► From The Hill — Five things to know about Wednesday’s Starbucks union-busting hearing — 1) Sanders will grill Schultz over his role in union-busting; 2) courts have found Starbucks guilty of “egregious and widespread” labor violations; 3) a fired Starbucks worker will also testify Wednesday; 4) Schultz resigned early ahead of the hearing; and 5) the panel’s top Republican will take aim at the NLRB.

► From the Seattle Times — New Starbucks CEO inherits Schultz-drafted future and labor worries — Laxman Narasimhan faces a critical moment at Starbucks, from unionization efforts to low morale among white-collar employees.




► MUST-READ from NPR — Unions are having a moment. So why isn’t union membership booming? — Just 10% of American workers belonged to a union in 2022, the lowest in Labor Department records going back to 1983, when the rate was 20%. Never mind that 71% of Americans approve of unions, the highest in nearly six decades and up from 48% in 2009, a Gallup poll conducted last summer found. The bottom line is that labor law itself is tilted in favor of employers, say researchers who study labor movements, often making corporate hostility toward unions too hard to overcome. The recent groundswell of public support is far from enough to spark a union comeback.

Even where the NLRB has found violations of workers’ rights to organize, the board’s decisions don’t have much financial bite. President Biden and Democratic lawmakers have pushed for passage of the Protecting the Right to Organize Act, known as the PRO Act, to fix some of the weaknesses of current labor law, starting with civil penalties of up to $50,000 for violating workers’ rights.

The Stand (March 1) — Richard L. Trumka PRO Act reintroduced in Congress

The Stand (Jan. 19, 2023) — Washington remains the 3rd most unionized state — Washington had 615,000 union members in 2022, representing 18 percent of the state’s workforce. Only New York and Hawaii had a higher percentage of union members in their workforces than Washington state.

► Case in point… from the Washington Post — Apple illegally fired five labor activists, union says — Apple fired five union organizers in Kansas City, Mo., in retaliation for union activity, the CWA alleged in charges filed with the NLRB on Monday.

► From CNBC — Chipotle to pay ex-employees $240,000 after closing Maine location that tried to unionize




► From the (Everett) Herald — USPS needs to deliver on mail’s timely arrival (editorial) — There have been reports of delayed mail deliveries in Skagit and Whatcom counties in the past year, drawing the attention of Reps. Suzan DelBene and Rick Larsen. Offices for both have been taking calls regularly about delayed service and have twice written letters to the U.S. Postal Service and Postmaster General Louis DeJoy, first in July and again in January, seeking information on the causes of the delays and the actions being taken. The USPS responses point to the agency’s “personnel shortages” and difficulties in hiring.

► From Semafor — Blame tax cuts for Washington’s budget woes, new report says — Were it not for tax slashing legislation passed under Presidents George W. Bush and Donald Trump, federal revenues would currently “be on track to keep pace with spending indefinitely,” the Center for American Progress finds.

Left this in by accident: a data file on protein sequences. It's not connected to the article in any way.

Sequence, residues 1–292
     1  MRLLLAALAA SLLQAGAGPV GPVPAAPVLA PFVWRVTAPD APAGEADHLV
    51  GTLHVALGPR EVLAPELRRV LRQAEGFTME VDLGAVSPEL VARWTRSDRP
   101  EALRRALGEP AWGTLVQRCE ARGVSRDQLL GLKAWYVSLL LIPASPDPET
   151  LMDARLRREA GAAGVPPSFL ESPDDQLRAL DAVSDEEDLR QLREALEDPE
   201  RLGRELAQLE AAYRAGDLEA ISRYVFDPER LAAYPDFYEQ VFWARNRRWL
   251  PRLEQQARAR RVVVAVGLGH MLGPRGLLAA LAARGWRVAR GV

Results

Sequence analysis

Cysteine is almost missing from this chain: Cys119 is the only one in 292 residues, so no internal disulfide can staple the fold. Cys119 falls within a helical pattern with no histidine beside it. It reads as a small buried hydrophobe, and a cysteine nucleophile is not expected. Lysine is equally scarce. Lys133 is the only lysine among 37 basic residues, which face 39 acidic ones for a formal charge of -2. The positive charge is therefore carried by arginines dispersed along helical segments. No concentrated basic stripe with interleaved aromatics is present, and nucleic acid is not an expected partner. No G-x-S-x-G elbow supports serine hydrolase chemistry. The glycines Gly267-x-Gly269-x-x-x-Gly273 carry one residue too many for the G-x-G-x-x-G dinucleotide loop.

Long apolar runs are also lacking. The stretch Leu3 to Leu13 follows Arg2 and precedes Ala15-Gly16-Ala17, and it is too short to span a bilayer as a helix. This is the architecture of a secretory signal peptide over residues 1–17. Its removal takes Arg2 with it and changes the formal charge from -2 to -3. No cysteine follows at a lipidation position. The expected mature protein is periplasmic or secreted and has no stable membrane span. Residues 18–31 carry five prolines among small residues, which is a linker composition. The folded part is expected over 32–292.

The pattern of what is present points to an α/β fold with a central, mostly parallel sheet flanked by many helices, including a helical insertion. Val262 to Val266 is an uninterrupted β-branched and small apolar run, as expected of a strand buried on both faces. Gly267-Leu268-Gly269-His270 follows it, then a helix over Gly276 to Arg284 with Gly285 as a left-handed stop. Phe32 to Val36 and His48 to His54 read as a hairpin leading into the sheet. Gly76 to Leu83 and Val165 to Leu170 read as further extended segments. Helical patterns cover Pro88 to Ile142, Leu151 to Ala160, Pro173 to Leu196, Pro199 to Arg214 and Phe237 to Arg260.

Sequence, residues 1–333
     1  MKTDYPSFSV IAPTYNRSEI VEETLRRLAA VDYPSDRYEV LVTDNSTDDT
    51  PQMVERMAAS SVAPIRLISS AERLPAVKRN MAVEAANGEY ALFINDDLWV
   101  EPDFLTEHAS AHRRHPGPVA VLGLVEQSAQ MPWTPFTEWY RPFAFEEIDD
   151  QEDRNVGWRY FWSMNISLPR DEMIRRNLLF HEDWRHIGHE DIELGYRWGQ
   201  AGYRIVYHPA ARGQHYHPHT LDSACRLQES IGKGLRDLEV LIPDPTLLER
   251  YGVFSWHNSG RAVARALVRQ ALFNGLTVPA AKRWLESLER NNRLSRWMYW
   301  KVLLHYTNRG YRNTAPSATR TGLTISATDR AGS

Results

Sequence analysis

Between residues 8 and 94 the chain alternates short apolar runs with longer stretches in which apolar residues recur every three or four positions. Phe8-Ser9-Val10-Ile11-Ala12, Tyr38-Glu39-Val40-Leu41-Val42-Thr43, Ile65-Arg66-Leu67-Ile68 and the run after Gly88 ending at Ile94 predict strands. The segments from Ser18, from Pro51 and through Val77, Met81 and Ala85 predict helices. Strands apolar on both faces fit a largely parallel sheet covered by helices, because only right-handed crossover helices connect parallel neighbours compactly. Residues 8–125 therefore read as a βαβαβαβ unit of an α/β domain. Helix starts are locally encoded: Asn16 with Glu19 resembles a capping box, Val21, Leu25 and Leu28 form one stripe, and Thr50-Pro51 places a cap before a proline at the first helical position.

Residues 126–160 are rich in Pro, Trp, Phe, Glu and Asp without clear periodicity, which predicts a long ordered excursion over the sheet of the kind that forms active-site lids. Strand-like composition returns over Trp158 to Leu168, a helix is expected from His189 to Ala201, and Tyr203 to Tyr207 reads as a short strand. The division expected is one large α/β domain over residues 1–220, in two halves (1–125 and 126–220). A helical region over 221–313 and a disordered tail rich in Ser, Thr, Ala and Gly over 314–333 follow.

► From the NY Times — ‘We’re going away’: A state’s choice to forgo Medicaid funds is killing hospitals — Mississippi is one of 10 states, all with Republican-led legislatures, that continue to reject federal funding to expand health insurance for the poor, intensifying financial pressure on hospitals.

► From the LA Times — Ironic justice: Laws passed to gut Obamacare are now being used to protect abortion rights (by Michael Hiltzik) — In Ohio and Wyoming, judges have blocked antiabortion laws enacted in the wake of the Supreme Court’s egregious Dobbs decision by citing partisan laws enacted to undermine the Affordable Care Act in 2011 and 2012. Those anti-Obamacare laws codified their citizens’ right to choose their own health insurance and health care.

► From Reuters — Biden FAA nominee who withdrew cites ‘cheap and unfounded partisan attacks’ — Denver International Airport CEO Phil Washington said in a statement that he had written to Biden on Friday to withdraw:

“I faced cheap and unfounded partisan attacks and procedural obstruction with regard to my military career that would have further lengthened the already delayed confirmation process.”

► From the Washington Post — Activist group led by Ginni Thomas received nearly $600,000 in anonymous donations — A little-known conservative activist group led by Virginia “Ginni” Thomas, the wife of Supreme Court Justice Clarence Thomas, collected nearly $600,000 in anonymous donations to wage a cultural battle against the left over three years, a Washington Post investigation found.




► From the New Republic — Workers of color made up 100% of union growth in 2022 — There was an increase in 231,000 unionized workers of color last year, while white unionized workers actually decreased by 31,000. Further, of all racial and ethnic groups, Black workers have continued leading unionization rates, at 12.8 percent, higher than the figure of total unionized workers.

EDITOR’S NOTE — Ready for a voice at work? Get more information about how you can join together with co-workers and negotiate a fair return for your hard work. Or go ahead and contact a union organizer today!




► From NPR — 39 migrants dead in a fire at an immigration facility in Mexico — At least 39 migrants are dead following a fire Monday at a processing facility in Ciudad Juarez, Mexico, according to the country’s National Migration Institute, just across the border from El Paso, Texas.

► From the Washington Post — French workers ramp up strikes over retirement age, raising pressure on Macron


The Stand posts links to Washington state and national news of interest every weekday morning by 10 a.m.

CHECK OUT THE UNION DIFFERENCE in Washington: higher wages, affordable health and dental care, job and retirement security.

FIND OUT HOW TO JOIN TOGETHER with your co-workers to negotiate for better wages, benefits, and a voice at work. Or go ahead and contact a union organizer today!